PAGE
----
SAO PAULO – Authorities in south-eastern Brazil have arrested two men for torturing a teenager after he was accused of stealing a bike.
The suspects, a local tattoo artist and his neighbor, said the 17-year-old boy had tried to steal a bike. The artist, Ronildo Moreira de Araujo, then took matters into his own hands by inking a tattoo on the thief’s forehead.
Ronildo’s neighbor, Maycon Wesley Carvalho dos Reis, 27, filmed the act and uploaded the video online.
Both the suspects, aged 27 and 29, confessed to writing the message, which said in Portuguese “I’m a thief and loser”, as a “punishment”.
The teen denies the accusation. His family says he has mental health problems and is a drug user.
Police identified the men after they shared a video online of them making the tattoo.
The video, which Brazilian media reported took place last Friday (June 9) in the municipality of Sao Bernardo do Campo, went viral and sparked an online debate over their actions.
In the video, the boy, who seemed frightened, is seated on a chair but not tied, while a man with a tattoo machine holds him by the hair. The man who is filming laughs and says: “It’s going to hurt.”
The boy also had his hair cut by the suspects after he tried to hide the tattoo.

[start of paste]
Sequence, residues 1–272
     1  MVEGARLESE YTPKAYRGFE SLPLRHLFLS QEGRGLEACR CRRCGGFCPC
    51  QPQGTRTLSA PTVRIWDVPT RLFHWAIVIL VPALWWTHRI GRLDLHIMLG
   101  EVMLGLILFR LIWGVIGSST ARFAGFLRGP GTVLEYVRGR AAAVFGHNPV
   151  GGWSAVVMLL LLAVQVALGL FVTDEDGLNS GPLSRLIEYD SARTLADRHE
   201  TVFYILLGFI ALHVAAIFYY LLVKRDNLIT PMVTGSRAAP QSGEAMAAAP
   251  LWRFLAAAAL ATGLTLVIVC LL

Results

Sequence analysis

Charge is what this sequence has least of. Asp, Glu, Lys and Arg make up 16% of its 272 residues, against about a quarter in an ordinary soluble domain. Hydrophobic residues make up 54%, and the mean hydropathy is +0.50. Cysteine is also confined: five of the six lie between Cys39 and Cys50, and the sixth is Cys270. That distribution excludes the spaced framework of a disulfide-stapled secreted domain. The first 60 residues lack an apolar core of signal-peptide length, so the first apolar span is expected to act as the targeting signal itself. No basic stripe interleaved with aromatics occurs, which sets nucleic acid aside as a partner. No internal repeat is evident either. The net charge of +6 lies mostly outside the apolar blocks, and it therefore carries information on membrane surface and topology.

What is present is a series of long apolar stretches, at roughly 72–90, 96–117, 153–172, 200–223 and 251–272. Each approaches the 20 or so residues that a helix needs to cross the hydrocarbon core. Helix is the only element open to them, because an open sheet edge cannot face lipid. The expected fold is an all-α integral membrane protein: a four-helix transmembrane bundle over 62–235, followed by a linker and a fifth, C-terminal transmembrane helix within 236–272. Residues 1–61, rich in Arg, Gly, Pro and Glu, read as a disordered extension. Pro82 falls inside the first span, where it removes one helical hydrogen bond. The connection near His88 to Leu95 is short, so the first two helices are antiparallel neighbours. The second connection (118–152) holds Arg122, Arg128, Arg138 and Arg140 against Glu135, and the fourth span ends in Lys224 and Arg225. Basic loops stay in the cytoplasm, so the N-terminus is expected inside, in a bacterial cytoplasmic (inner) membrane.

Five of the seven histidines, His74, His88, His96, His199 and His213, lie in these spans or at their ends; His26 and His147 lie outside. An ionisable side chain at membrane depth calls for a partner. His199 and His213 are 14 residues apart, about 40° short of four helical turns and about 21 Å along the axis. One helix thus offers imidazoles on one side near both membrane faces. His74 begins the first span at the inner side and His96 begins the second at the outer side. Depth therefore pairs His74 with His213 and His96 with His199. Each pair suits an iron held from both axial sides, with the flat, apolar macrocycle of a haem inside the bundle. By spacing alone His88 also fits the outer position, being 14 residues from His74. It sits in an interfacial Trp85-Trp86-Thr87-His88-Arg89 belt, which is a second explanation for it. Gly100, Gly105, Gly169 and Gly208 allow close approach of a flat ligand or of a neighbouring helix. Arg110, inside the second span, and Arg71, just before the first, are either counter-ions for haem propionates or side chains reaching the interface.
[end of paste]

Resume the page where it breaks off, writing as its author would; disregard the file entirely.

Police in the city of Sao Bernardo do Campo, in Sao Paulo state, have not yet confirmed that the attempted robbery took place.
The boy said he had fallen over the bike for being “very drunk”, but that he was not trying to steal it.
“I asked them to make the tattoo on my arm but they said they would do it on my forehead and started laughing,” he told Folha de S.Paulo newspaper (in Portuguese).
“I begged them to break my arms and legs instead.”
The teenager’s family said he had gone missing on 31 May and recognized him after seeing the video, which was uploaded on Friday. He was reunited with his family on Sunday.
Meanwhile, Brazilian news website Aconteceu no Vale reported on Sunday that an online campaign to raise money and pay for removal of the tattoo had been set up.
As of noon on Sunday, the campaign had raised more than 19,000 ($5,800; £4,500), exceeding its 15,000 Brazilian real target.